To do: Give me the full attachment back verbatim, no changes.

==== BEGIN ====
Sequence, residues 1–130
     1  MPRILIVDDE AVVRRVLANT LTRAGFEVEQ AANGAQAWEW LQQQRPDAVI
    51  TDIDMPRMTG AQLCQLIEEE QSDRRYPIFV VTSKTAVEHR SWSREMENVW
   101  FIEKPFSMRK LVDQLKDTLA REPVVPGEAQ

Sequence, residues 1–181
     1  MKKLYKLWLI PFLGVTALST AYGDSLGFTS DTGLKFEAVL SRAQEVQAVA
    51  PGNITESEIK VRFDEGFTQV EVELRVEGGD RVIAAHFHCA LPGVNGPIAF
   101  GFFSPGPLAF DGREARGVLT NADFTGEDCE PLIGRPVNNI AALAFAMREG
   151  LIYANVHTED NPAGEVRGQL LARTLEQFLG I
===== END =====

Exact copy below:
Sequence, residues 1–130
     1  MPRILIVDDE AVVRRVLANT LTRAGFEVEQ AANGAQAWEW LQQQRPDAVI
    51  TDIDMPRMTG AQLCQLIEEE QSDRRYPIFV VTSKTAVEHR SWSREMENVW
   101  FIEKPFSMRK LVDQLKDTLA REPVVPGEAQ

Sequence, residues 1–181
     1  MKKLYKLWLI PFLGVTALST AYGDSLGFTS DTGLKFEAVL SRAQEVQAVA
    51  PGNITESEIK VRFDEGFTQV EVELRVEGGD RVIAAHFHCA LPGVNGPIAF
   101  GFFSPGPLAF DGREARGVLT NADFTGEDCE PLIGRPVNNI AALAFAMREG
   151  LIYANVHTED NPAGEVRGQL LARTLEQFLG I